Testimony by Mike McCabe, Executive Director,
Wisconsin Democracy Campaign
Committee on the Judiciary, Consumer Affairs and Campaign Finance Reform,
July 2, 2002
Posted: July 3, 2002
I commend your efforts to shine light on growing political corruption in our state government. I represent the Wisconsin Democracy Campaign. Our work as a political watchdog is simple. I can sum it up in four words: Money talks. We eavesdrop.
The Democracy Campaign manages the state’s only searchable electronic database of campaign contributors. The political money we track talks. It tells a story - a story of corruption and influence peddling. We’ve called attention to literally hundreds of examples of huge campaign donations being made - at critical moments during the legislative process - to elected officials who were in a position to deliver valuable public policy benefits to the donors. Time and again we’ve seen the money flow in and the benefits flow out.
Last year we did a study of the return on investment special interest donors get for their campaign contributions. We evaluated more than four dozen policy proposals that affected special interests. We found that over a dozen special interests with a stake in these items realized an economic benefit that amounted to a 33,000% gain from the campaign contributions they made during the legislative session.
Nowhere is the impact of these "transactions" more noticeable than in the state budget process. The budget quite literally has been put up for sale to the highest bidder, and the auction is costing ordinary taxpayers a bundle. Our research shows lawmakers from both parties who had a hand in crafting the budget offered an array of tax breaks, pork barrel spending and other budget favors worth $819 million - at a cost of $211 for every Wisconsin taxpayer - to special interests who contributed more than $3 million to legislators and $2.8 million to the governor while budget decisions were being made.
This political graft is a major reason why Wisconsin has a billion dollar budget deficit. Not a single one of the special interest items we identified in the original budget has been removed in the budget repair bill and lawmakers even added an extra $49 million in special interest tax breaks. Lawmakers’ inability to say no to their big donors and consider cutting some of the pork they put in the original budget is a major reason why putting the state’s fiscal house back in order has proven so difficult.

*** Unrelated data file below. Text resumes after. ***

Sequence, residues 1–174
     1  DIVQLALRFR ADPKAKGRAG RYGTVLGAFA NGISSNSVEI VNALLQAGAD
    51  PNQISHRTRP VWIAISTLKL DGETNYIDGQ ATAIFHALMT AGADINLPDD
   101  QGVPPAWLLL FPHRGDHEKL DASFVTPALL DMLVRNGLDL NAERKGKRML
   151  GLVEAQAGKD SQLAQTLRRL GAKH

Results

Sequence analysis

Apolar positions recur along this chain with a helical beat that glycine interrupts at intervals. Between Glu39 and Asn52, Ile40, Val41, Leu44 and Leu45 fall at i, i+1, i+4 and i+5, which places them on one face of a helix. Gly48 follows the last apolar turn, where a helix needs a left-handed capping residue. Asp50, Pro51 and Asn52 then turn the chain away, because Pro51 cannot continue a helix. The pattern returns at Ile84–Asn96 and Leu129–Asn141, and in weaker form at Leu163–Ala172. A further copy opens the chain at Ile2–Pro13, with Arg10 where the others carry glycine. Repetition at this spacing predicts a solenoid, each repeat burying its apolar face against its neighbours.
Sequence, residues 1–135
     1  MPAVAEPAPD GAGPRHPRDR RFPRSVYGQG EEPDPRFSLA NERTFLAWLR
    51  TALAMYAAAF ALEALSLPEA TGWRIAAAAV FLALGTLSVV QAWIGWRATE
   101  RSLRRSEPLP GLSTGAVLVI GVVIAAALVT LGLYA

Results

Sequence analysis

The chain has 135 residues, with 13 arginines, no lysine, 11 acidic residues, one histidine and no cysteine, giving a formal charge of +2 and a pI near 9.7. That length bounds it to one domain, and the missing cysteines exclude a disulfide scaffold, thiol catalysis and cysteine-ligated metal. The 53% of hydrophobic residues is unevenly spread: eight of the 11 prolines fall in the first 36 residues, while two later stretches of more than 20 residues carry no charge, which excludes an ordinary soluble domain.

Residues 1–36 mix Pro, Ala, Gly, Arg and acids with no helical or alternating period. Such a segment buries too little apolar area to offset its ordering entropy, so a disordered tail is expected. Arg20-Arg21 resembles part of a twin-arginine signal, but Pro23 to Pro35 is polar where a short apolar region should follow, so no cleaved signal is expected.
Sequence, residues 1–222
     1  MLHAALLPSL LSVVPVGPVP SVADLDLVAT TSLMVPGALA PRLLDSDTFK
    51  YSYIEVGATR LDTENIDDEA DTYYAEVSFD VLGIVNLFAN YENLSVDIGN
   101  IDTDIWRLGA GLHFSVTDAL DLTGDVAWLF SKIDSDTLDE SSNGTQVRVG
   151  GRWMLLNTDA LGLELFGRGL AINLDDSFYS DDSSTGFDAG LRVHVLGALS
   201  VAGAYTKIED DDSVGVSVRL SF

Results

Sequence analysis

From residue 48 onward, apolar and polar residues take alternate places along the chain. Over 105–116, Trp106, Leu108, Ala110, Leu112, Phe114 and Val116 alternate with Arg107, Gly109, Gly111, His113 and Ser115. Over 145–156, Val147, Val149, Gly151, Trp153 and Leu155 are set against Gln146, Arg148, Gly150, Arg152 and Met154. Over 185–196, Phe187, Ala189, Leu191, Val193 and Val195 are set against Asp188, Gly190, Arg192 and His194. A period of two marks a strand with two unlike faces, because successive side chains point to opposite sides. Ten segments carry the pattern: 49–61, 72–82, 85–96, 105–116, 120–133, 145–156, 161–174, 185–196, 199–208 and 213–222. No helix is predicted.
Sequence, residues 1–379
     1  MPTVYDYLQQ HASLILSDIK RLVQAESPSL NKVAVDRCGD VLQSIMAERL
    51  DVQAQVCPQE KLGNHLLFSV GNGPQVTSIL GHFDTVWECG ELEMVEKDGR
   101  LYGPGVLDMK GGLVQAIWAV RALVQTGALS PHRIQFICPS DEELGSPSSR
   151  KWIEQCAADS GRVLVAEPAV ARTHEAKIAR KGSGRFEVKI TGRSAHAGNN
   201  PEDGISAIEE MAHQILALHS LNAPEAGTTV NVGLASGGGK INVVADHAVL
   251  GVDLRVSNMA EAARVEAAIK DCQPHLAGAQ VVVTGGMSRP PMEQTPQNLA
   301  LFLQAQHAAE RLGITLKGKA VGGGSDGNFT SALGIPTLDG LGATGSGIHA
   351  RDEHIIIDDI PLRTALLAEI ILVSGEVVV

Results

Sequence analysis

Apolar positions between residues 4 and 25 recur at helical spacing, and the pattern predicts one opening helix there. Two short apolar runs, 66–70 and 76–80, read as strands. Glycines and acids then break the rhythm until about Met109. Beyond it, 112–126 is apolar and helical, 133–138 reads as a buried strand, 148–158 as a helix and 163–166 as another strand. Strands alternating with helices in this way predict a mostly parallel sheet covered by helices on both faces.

Among the many items in the state budget is a special exemption allowing an Arcadia furniture maker to expand its plant on wetlands. Lawmakers overruled the Department of Natural Resources in inserting the exemption for Ashley Furniture into the original budget bill. The exemption was challenged in court and was ruled unconstitutional. Undeterred by the court ruling, legislators put a new version of the wetland exemption in the budget repair bill now being hammered out. Executives of Ashley Furniture gave $68,000 to legislative and gubernatorial campaigns, including $10,000 to Governor Scott McCallum a week after the court ruling. Despite the unseemly appearance, both the donors and the recipients of the campaign contributions insist there is no connection between the donations and the budget item. It’s all a coincidence.
It’s always a coincidence. There’s never a connection.
It was a coincidence when executives of a Fond du Lac construction company, C.D. Smith Construction, gave former Governor Tommy Thompson $37,000 in campaign donations within two weeks of the company getting a no-bid contract to build a $29.5 million prison from the State Building Commission, which Thompson chaired at the time.
Coincidence knows no partisan boundaries. It was a coincidence when gambling interests in New York City gave $5,000 in a single day to a key Senate Democrat who faced a tough re-election battle and Senate Democrats promptly reversed course and supported a change in state law they had previously opposed allowing private companies to buy out the annuities lottery winners receive for a cut of the winnings.